There is every chance that my reluctance to pursue something creative earlier in life also came from a place of fear. At the time I believed it was highly unlikely that I would “make it” in a creative job because of the huge amount of competition in the industries.
But, who is to say that I wasn’t good enough to even just try? It can take some time to get to where you want to be, and that’s OK! You don’t have to have it all figured out – in fact, many rarely do, I’ve found.
Satisfaction levels are important too
Perhaps I didn’t properly consider how rewarding a different kind of job would have been – it’s not something I even thought about to be honest! As my career went on though, I discovered that I wasn’t feeling satisfied with the work I was doing and I did want to help people in a way that felt more meaningful to me.
4. It's OK to be “unconventional”
I’m not afraid to admit that during my teenage years and early to mid-20s I just wanted to fit in and stick to “the rules” – at school, I hated getting into trouble or disappointing someone! So, the idea of deviating from the conventional style of working (or what I understood it to be anyway) would have felt uncomfortable for me. This is something I definitely have had to do some inner work on based on my own insecurities!
I think I had to allow my confidence to grow organically in order to grow into my current way of thinking, but I would love to go back and tell my younger self that it’s totally fine to take a different path and explore new avenues. You are never stuck in one place either, as there are always alternative options.
5. Explore your Creative Side
When I began delving into the brand creation of Ceejyloves in December 2020, I started to realise how much I actually loved designing and making “stuff”. To the point where it’s pretty addictive actually! Did it matter if there was a "plan" in place? Not at all.
Your intuition will take you to where you need to be. Trust it.
I have Canva (aka the most fun design program ever) and the lovely Michelle Rohr to thank for the intuitive, creative life that I now lead – she has been a huge inspiration for me! Oh, and did I mention it’s a great excuse to buy fun colourful stationary!?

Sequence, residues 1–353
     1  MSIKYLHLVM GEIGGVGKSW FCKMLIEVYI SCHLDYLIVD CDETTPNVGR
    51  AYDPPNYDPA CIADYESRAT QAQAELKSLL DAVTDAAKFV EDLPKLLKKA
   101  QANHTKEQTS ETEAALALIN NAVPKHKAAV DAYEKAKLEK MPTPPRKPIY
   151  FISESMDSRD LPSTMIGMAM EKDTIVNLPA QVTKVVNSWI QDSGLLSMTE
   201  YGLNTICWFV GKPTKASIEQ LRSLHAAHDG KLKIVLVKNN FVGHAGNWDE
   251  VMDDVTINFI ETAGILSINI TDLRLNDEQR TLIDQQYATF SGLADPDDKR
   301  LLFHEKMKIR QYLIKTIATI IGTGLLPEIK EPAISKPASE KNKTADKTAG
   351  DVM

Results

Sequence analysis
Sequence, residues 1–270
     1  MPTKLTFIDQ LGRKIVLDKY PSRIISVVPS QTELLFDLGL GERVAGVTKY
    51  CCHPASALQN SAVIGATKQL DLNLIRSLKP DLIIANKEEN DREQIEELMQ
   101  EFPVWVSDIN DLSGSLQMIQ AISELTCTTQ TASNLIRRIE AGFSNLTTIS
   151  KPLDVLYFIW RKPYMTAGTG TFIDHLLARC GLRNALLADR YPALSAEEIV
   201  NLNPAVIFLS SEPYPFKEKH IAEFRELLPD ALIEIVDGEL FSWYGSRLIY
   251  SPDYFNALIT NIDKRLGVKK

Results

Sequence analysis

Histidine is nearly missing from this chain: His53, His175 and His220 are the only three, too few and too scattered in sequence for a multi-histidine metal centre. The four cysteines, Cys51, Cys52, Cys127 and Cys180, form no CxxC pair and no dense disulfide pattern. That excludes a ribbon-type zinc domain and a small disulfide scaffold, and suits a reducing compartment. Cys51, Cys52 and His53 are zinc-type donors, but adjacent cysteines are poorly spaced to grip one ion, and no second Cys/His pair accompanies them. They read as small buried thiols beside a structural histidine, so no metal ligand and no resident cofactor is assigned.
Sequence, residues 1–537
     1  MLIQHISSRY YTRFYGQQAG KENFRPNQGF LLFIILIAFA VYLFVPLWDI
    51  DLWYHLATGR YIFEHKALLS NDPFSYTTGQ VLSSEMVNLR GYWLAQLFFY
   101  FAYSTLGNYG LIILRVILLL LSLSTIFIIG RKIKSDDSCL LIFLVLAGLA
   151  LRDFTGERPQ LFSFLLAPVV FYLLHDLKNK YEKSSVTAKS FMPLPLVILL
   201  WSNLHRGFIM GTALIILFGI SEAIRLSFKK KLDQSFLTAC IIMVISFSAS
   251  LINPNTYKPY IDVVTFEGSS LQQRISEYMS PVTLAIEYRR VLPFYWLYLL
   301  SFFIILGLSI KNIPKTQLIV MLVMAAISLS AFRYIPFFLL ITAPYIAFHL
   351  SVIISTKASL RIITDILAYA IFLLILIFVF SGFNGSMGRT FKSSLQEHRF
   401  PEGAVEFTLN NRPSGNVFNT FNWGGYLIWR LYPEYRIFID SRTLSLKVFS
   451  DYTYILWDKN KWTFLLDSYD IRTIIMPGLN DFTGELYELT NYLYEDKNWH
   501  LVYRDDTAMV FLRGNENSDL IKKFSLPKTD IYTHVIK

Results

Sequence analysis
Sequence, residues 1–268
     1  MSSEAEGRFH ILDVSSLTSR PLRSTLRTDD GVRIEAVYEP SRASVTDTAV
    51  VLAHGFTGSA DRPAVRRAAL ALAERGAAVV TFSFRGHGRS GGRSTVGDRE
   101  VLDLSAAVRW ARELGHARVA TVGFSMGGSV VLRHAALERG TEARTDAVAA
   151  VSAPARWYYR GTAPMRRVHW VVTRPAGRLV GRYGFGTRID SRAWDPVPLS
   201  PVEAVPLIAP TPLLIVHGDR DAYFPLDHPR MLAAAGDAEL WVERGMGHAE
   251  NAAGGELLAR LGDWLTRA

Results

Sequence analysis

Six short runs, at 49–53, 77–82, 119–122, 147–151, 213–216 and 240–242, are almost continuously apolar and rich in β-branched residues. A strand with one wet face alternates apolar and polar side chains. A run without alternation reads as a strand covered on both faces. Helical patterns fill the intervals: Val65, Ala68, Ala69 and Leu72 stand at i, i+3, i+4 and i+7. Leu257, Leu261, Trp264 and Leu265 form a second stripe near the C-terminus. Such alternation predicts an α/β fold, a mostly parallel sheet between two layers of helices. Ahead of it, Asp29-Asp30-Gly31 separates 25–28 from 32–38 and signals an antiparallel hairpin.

During Summer 2021, I had the courage to pursue a new idea that took a while to exit my brain and unleash into the world. But, better late than never! I am now the proud founder of the Creative Goddess Club and busy behind the scenes coaching uninspired corporate women to lead a life with more creative fulfillment 🙂
I also followed my gut and started a Podcast, now called the Creative Goddess Show which has reached nearly 20 episodes and (22 have been recorded) and will start a new guest series on Friday 3rd December 2021 with creative businesswomen. It's going to be SO juicy.
See what happens when you follow your creative inspiration?
Conclusion: There was definitely a point to this...
I hope you enjoyed reading about my 5 key lessons learned regarding creativity in life and business and it wasn’t too “rambly”.
In a nutshell, there are 3 main points to take away:
Do what is right for you – there is no right or wrong
It’s OK to try something new if your current situation is not fulfilling you
Always explore your creative side – you never know where it might take you!
What strikes me today is that there are so many incredible opportunities to unleash your creative side and just put your ideas “out there”. It has quite frankly never been easier to get started and show the world your creations! You can start a blog on your favourite topic, open an Etsy store and sell prints, share your knowledge with others (on basically anything – no I mean anything) creating online courses. And all so inexpensively too!
I just want you to realise this, because until just recently I didn’t believe that the world was big enough for all of our ideas and know-how. And, just for the record, I’m not saying everyone should do this because everyone is different in their own amazing ways. My post is just my way of reaching out to anyone reading this who has been afraid to listen to their creative voice!
Happy creating, my lovelies!!
P.S. Enjoyed this post? Check out this awesome blog article by my good friend the Mental Millionaire! I absolutely love her insight into the common misconception that some people are just "born" creative - read her story here. She will also be featured on the Creative Goddess Show Podcast in January, so watch this space!
Keen to connect with your own creative side?
Also, if you're ready to start delving into your own creative passion but in need of some support on the specifics of where to start, book yourself in for a Clarity session below and we can discuss actionable steps for you to take!